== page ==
RICH1 inhibits stem cell-like properties of breast cancer in vivo
To examine the role of RICH1 in tumorigenesis in mice, we overexpressed RICH1 in 4T1 (Fig. 6A), and 1×103 - 5×104 4T1 control or RICH1-overexpressing cells were orthotopically transplanted into female Balb/c mice. When 5×104 cells were injected, all 8 mice developed tumors in a control group, while only five of the eight mice developed tumors in the RICH1-overexpression group (Fig. 6B, C). When the fewer cells were inoculated, the weaker tumor-initiating capability was observed in the overexpression group. While 3/8 of the mice injected with 1×103 control cells succumbed to tumors, none tumor was detected in the RICH1-overexpression group, with the CSC frequency decreasing to nearly 1/10 after RICH1 overexpression (Fig. 6B). Tumor weights and volumes were also obviously reduced in mice inoculated with RICH1-overexpressing cells (Fig. 6D, E). IHC analysis showed that overexpression of RICH1 significantly inhibited the expression of YAP/TAZ and CSCs-associated markers (ALDH1A1, NANOG, OCT4, and SOX2) in transplanted tumor tissues (Fig. 6F).
In addition to the enhanced capacity of tumorigenesis, CSCs are also regarded as one of the origins of distant metastasis. Therefore, the tail vein injection models were then used to verify the effect of RICH1 on the metastasis ability of tumor cells in vivo. We injected the control and RICH1-overexpressing 4T1 cells in Balb/c, and the number and area of lung metastases were obviously reduced in 4T1-RICH1 group (Fig. 6G–I). These results indicated that RICH1 could suppress the tumorigenesis and distant metastasis in vivo.
RICH1 activates Hippo signaling by competing with Merlin for binding to Amot-p80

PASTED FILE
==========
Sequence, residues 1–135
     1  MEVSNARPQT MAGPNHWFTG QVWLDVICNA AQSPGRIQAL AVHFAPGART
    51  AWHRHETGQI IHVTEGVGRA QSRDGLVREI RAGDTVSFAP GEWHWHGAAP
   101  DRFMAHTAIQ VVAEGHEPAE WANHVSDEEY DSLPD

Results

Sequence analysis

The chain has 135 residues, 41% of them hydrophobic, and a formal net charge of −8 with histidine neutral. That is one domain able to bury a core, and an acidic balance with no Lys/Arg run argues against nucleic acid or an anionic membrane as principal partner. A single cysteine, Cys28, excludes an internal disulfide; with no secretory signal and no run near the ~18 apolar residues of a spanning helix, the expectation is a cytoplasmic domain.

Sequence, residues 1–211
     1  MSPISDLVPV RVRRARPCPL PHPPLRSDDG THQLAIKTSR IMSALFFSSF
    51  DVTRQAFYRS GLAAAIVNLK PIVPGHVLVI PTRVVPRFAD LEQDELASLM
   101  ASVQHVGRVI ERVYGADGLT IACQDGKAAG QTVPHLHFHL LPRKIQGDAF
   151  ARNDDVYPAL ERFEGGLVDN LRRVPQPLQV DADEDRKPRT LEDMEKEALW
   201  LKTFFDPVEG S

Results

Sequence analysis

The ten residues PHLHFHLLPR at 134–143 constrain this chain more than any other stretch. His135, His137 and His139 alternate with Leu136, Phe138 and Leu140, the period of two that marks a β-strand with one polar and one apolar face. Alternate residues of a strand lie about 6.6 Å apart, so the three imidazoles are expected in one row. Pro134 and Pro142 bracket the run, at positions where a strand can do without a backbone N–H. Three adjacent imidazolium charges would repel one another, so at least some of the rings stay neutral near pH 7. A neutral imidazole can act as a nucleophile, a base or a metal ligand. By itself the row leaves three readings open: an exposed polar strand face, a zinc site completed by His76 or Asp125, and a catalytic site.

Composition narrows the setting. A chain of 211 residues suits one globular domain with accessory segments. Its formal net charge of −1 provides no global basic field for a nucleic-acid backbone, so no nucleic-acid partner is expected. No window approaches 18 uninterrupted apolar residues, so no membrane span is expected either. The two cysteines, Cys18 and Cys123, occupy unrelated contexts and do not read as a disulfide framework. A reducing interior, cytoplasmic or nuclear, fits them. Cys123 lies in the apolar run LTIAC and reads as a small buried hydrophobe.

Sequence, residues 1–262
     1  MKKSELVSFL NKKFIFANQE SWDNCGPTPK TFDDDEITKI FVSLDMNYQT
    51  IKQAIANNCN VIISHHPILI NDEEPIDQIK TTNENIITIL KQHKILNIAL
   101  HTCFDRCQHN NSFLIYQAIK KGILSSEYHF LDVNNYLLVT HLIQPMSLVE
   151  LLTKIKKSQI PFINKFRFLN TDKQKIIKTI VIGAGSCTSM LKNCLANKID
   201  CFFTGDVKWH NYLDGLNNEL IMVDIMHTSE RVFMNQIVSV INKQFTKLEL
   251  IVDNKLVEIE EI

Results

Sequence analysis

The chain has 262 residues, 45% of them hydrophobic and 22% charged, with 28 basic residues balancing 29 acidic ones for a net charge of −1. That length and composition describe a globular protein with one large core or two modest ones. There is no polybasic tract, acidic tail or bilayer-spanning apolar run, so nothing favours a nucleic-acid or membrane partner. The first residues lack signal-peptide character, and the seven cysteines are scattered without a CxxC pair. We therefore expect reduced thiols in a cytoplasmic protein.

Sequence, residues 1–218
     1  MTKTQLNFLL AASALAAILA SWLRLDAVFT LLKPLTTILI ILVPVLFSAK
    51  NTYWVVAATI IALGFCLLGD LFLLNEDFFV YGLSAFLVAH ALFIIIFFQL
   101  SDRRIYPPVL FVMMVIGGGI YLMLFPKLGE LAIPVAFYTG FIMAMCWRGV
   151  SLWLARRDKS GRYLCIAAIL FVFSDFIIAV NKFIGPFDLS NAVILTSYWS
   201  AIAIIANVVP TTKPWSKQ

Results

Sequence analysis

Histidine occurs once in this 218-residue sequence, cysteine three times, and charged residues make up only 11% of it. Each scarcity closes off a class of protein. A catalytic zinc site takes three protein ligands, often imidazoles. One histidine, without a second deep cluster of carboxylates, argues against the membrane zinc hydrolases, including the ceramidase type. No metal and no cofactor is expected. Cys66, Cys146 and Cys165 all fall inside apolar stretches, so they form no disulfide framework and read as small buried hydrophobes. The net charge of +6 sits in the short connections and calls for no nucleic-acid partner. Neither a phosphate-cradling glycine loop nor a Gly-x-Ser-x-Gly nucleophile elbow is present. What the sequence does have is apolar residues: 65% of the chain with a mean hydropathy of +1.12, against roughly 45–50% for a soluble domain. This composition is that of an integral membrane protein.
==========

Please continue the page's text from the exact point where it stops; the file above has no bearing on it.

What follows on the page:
Based on the protein-protein interaction network predicted by the STRING database, RICH1 has the potential to interact with Amot and Merlin. According to previous reports, Amot and Merlin could bind to each other by their mutual coiled-coiled (CC) motifs, and RICH1 could bind to the CC motif of Amot through the BAR domain in its N-terminal [13, 20]. Since the endogenous expression levels of Amot-p130 subtype were very scarce in the cell lines adopted in our study, the following mechanism research focused on the Amot-p80 subtype. We then verify the binding interaction between Merlin and Amot-p80 in BT549 using Co-IP (Fig. 7B). In BT549 with RICH1 exogenous overexpression, Amot-p80 was identified to bind with RICH, while Merlin could not (Fig. 7C). Next, we examined whether the exogeneous expression of RICH1 in BT549 could interfere the binding of Amot-p80 and Merlin. We found that the contents of Amot-p80 binding with Merlin was significantly decreased when RICH1 was overexpressed (Fig. 7D). Considering the BAR domain has been widely recognized as the binding site of CC motif, we then constructed truncation mutant of RICH1 (RICH1△BAR) lacking the N-terminal BAR domain (Fig. 7E). Deletion of the BAR domain of RICH1 abolished the function of inhibiting the binding of Amot-p80 and Merlin (Fig. 7F). Subsequently, we examined the effect of RICH1△BAR on the proportions of BCSC subpopulations, and no significant changes in the percentage of BCSCs populations were found in BT549 with RICH1△BAR exogenous expression (Fig. 7G, H). These results confirmed that RICH1 inhibited the BCSCs-like characteristics, by competing with Merlin for binding to Amot-p80 to activate the Hippo kinases cascade.